Will the Prime Minister allow a free vote by all his members on our motion? Yes or no.

Gasoline TaxesOral Question Period

2:15 p.m.

LaSalle—Émard Québec

Liberal

Paul Martin LiberalMinister of Finance

Mr. Speaker, we have made it very clear that we are going to cut taxes, that cutting personal income taxes is our priority. We have dealt with the issue of gas taxes.

Let me be very clear. There is a lot of pain out there for people who are paying for home heating fuel, for people who are paying for gas at the pump. The real problem is that oil prices are too high and it is going to take international concentration to make sure that we get those taxes down.

That is one of the things we will be discussing at the G-7 meeting in Prague. It is one of the reasons all of the finance ministers will be coming together to make sure that we have two things: lower oil prices but at the same time sustainable energy prices so that the oil companies and those—

Gasoline TaxesOral Question Period

2:15 p.m.

The Speaker

The hon. member for Calgary Southeast.

Gasoline TaxesOral Question Period

2:15 p.m.

Reform

Jason Kenney Reform Calgary Southeast, AB

Mr. Speaker, the finance minister said that he has dealt with the tax on gas. He has done that by raising the excise tax by a cent and a half supposedly to eliminate the deficit which is gone. He has done it by soaking gas consumers with the GST tax on tax.

The Liberals had a committee in 1998 which said the government should stop the double taxation on gasoline. Even its own members do not want to charge tax on tax through the GST.

In the middle of a gas crisis, why does the finance minister continue to impose double taxation on consumers at the pump?

Gasoline TaxesOral Question Period

2:15 p.m.

LaSalle—Émard Québec

Liberal

Paul Martin LiberalMinister of Finance

Mr. Speaker, the first thing I would like to do is congratulate the member for Calgary Southeast on his appointment as finance critic. I would also like to congratulate the former finance critic, the member for Medicine Hat, on his promotion.

Let me simply say that the issue of GST on gasoline taxes, an issue that the hon. member from Pickering has been raising for quite some time, is obviously something that the government will look at. For the hon. member to raise the whole issue of the GST, given what happened two or three weeks ago and the confusion that seemed to reign in Jurassic Park—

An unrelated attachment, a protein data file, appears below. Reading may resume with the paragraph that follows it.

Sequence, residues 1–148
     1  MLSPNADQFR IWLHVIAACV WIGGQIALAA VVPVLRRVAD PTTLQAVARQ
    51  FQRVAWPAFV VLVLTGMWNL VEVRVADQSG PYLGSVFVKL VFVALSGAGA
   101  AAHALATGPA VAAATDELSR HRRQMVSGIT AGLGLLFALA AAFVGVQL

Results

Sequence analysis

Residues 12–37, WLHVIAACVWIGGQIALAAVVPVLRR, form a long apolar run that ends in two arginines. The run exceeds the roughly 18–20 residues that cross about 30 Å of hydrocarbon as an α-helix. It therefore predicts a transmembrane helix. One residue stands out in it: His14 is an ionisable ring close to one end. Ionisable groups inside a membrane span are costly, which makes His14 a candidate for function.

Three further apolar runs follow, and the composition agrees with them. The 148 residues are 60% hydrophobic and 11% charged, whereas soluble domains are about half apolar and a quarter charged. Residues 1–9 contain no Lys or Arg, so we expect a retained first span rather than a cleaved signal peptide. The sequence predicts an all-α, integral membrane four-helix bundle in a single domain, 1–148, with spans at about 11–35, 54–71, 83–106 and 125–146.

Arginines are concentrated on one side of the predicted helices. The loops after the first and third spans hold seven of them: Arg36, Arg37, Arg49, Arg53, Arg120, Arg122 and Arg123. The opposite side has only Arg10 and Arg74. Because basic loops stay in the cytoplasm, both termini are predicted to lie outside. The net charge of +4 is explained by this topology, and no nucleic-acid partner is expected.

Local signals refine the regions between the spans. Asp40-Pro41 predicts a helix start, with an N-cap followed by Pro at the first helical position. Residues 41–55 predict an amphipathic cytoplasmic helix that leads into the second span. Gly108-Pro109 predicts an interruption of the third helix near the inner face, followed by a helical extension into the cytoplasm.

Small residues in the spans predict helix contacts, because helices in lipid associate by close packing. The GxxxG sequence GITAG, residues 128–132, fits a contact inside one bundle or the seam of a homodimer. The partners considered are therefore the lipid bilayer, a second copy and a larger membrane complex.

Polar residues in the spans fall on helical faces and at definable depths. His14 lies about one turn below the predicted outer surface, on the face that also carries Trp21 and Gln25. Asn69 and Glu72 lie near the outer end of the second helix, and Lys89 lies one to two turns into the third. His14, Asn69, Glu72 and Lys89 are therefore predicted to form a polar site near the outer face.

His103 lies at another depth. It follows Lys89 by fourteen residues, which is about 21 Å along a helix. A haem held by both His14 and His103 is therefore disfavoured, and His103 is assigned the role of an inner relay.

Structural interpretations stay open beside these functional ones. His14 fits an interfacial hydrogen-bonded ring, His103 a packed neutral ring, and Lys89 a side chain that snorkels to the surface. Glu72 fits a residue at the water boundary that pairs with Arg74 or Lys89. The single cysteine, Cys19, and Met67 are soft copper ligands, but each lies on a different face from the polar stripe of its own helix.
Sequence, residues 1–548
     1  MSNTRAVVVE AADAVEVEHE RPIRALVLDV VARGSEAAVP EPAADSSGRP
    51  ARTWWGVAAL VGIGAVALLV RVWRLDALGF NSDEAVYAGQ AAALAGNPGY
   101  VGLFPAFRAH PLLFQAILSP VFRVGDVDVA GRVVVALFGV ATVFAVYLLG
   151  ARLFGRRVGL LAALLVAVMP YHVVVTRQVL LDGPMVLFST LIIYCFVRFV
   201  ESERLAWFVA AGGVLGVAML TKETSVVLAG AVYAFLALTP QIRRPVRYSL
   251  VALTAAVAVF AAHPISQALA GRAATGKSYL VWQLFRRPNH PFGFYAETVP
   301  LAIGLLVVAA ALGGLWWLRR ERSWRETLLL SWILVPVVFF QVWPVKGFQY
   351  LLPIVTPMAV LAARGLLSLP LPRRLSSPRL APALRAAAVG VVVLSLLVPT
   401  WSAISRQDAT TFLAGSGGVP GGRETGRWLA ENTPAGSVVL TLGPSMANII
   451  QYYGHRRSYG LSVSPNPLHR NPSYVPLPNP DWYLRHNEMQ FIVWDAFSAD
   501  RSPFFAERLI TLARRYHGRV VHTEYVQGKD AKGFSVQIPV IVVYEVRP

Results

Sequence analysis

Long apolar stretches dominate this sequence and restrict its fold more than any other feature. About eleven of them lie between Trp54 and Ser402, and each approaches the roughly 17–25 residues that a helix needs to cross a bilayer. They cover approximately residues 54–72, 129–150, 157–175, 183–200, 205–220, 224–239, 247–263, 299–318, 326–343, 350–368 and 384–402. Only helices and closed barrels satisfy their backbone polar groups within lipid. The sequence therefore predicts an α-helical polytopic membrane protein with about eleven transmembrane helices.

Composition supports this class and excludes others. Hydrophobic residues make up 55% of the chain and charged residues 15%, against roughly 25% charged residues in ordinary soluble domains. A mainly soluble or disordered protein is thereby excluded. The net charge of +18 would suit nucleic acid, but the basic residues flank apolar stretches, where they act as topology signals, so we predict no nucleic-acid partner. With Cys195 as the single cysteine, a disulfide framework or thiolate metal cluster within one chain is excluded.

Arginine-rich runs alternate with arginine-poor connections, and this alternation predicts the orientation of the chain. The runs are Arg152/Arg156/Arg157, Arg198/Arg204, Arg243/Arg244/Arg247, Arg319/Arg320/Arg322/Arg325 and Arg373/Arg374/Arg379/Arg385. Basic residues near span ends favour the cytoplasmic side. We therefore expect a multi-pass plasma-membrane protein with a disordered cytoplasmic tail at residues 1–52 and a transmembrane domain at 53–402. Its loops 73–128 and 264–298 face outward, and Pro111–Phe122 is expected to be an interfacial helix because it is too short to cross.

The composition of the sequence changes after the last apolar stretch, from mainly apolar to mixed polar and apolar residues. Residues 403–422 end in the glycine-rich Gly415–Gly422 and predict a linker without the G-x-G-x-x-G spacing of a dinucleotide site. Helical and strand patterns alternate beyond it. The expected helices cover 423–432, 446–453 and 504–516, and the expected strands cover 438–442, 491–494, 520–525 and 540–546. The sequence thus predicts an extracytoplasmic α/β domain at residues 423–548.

Gasoline TaxesOral Question Period

2:20 p.m.

Some hon. members

Oh, oh.

Gasoline TaxesOral Question Period

2:20 p.m.

The Speaker

The hon. member for Calgary Southeast.

Gasoline TaxesOral Question Period

2:20 p.m.

Reform

Jason Kenney Reform Calgary Southeast, AB

Mr. Speaker, I am sure the hon. member for Medicine Hat is pleased with that and the fact that his appointment as critic has scared off the foreign affairs minister.

For this minister to raise the GST is really something special. This is from the government that was going to scrap, kill and abolish the GST. This is the same government that told us in a report that it would “consider removing the GST from other taxes and apply it only to the wholesale price for gasoline in the retailer margin”. That is what the liberal caucus report said two years ago. There has been no action on that to this date.

Why will the Prime Minister not allow a free vote so his members can represent their constituents when we bring forward a motion to end the double taxation of gasoline later this week?

Gasoline TaxesOral Question Period

2:20 p.m.

LaSalle—Émard Québec

Liberal

Paul Martin LiberalMinister of Finance

Mr. Speaker, one must wonder about the crocodile tears being raised by the hon. member for Calgary Southeast. The fact is that his party has brought forth a flat tax that would provide somebody earning $1 million a year with a $130,000 tax cut compared with $1,400 for somebody making $40,000.

Organized CrimeOral Question Period

2:20 p.m.

Bloc

Gilles Duceppe Bloc Laurier—Sainte-Marie, QC

Mr. Speaker, the public is fed up with seeing criminal gangs call the shots in Quebec and in Canada.